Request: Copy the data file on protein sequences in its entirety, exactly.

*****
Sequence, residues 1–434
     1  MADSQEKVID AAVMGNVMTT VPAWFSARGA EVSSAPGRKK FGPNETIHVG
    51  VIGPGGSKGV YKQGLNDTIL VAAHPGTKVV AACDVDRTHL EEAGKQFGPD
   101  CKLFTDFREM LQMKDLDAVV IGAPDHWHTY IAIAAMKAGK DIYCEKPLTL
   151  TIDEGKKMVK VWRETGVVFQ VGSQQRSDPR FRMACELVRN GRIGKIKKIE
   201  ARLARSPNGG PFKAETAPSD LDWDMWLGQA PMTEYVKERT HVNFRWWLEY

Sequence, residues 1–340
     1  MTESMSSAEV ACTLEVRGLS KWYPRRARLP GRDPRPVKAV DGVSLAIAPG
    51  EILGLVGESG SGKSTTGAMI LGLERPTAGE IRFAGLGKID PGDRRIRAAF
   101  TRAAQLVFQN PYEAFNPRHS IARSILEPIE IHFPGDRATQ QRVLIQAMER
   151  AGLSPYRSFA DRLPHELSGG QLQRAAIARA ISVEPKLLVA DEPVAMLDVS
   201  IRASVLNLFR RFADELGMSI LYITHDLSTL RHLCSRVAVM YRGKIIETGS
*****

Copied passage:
Sequence, residues 1–434
     1  MADSQEKVID AAVMGNVMTT VPAWFSARGA EVSSAPGRKK FGPNETIHVG
    51  VIGPGGSKGV YKQGLNDTIL VAAHPGTKVV AACDVDRTHL EEAGKQFGPD
   101  CKLFTDFREM LQMKDLDAVV IGAPDHWHTY IAIAAMKAGK DIYCEKPLTL
   151  TIDEGKKMVK VWRETGVVFQ VGSQQRSDPR FRMACELVRN GRIGKIKKIE
   201  ARLARSPNGG PFKAETAPSD LDWDMWLGQA PMTEYVKERT HVNFRWWLEY

Sequence, residues 1–340
     1  MTESMSSAEV ACTLEVRGLS KWYPRRARLP GRDPRPVKAV DGVSLAIAPG
    51  EILGLVGESG SGKSTTGAMI LGLERPTAGE IRFAGLGKID PGDRRIRAAF
   101  TRAAQLVFQN PYEAFNPRHS IARSILEPIE IHFPGDRATQ QRVLIQAMER
   151  AGLSPYRSFA DRLPHELSGG QLQRAAIARA ISVEPKLLVA DEPVAMLDVS
   201  IRASVLNLFR RFADELGMSI LYITHDLSTL RHLCSRVAVM YRGKIIETGS